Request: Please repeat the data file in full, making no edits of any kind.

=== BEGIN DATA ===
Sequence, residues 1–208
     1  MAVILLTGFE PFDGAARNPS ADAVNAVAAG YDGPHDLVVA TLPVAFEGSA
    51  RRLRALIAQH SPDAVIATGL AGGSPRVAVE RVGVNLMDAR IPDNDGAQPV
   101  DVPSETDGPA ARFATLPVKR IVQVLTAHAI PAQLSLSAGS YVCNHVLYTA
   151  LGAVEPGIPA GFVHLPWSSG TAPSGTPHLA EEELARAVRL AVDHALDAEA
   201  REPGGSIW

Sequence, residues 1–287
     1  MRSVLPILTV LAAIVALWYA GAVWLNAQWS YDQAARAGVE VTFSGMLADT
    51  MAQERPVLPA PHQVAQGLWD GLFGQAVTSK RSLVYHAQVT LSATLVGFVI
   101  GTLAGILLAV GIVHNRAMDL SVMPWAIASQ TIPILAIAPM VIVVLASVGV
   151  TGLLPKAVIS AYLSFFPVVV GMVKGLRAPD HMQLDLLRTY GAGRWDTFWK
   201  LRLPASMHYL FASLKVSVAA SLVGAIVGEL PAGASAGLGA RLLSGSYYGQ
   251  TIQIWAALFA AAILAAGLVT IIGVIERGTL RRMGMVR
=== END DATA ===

Sequence, residues 1–208
     1  MAVILLTGFE PFDGAARNPS ADAVNAVAAG YDGPHDLVVA TLPVAFEGSA
    51  RRLRALIAQH SPDAVIATGL AGGSPRVAVE RVGVNLMDAR IPDNDGAQPV
   101  DVPSETDGPA ARFATLPVKR IVQVLTAHAI PAQLSLSAGS YVCNHVLYTA
   151  LGAVEPGIPA GFVHLPWSSG TAPSGTPHLA EEELARAVRL AVDHALDAEA
   201  REPGGSIW

Sequence, residues 1–287
     1  MRSVLPILTV LAAIVALWYA GAVWLNAQWS YDQAARAGVE VTFSGMLADT
    51  MAQERPVLPA PHQVAQGLWD GLFGQAVTSK RSLVYHAQVT LSATLVGFVI
   101  GTLAGILLAV GIVHNRAMDL SVMPWAIASQ TIPILAIAPM VIVVLASVGV
   151  TGLLPKAVIS AYLSFFPVVV GMVKGLRAPD HMQLDLLRTY GAGRWDTFWK
   201  LRLPASMHYL FASLKVSVAA SLVGAIVGEL PAGASAGLGA RLLSGSYYGQ
   251  TIQIWAALFA AAILAAGLVT IIGVIERGTL RRMGMVR